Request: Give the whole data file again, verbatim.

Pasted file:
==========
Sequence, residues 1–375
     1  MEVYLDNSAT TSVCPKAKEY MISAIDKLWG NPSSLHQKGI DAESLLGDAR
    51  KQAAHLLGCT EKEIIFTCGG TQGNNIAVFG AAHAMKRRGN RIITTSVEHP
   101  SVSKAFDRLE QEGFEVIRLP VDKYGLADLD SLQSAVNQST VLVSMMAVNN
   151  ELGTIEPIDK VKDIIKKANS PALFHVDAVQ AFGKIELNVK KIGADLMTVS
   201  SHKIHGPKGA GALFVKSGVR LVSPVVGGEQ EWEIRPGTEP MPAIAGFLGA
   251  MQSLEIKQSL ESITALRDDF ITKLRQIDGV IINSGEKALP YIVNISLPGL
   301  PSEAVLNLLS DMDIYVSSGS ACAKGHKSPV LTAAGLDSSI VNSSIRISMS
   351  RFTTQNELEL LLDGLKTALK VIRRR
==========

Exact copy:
Sequence, residues 1–375
     1  MEVYLDNSAT TSVCPKAKEY MISAIDKLWG NPSSLHQKGI DAESLLGDAR
    51  KQAAHLLGCT EKEIIFTCGG TQGNNIAVFG AAHAMKRRGN RIITTSVEHP
   101  SVSKAFDRLE QEGFEVIRLP VDKYGLADLD SLQSAVNQST VLVSMMAVNN
   151  ELGTIEPIDK VKDIIKKANS PALFHVDAVQ AFGKIELNVK KIGADLMTVS
   201  SHKIHGPKGA GALFVKSGVR LVSPVVGGEQ EWEIRPGTEP MPAIAGFLGA
   251  MQSLEIKQSL ESITALRDDF ITKLRQIDGV IINSGEKALP YIVNISLPGL
   301  PSEAVLNLLS DMDIYVSSGS ACAKGHKSPV LTAAGLDSSI VNSSIRISMS
   351  RFTTQNELEL LLDGLKTALK VIRRR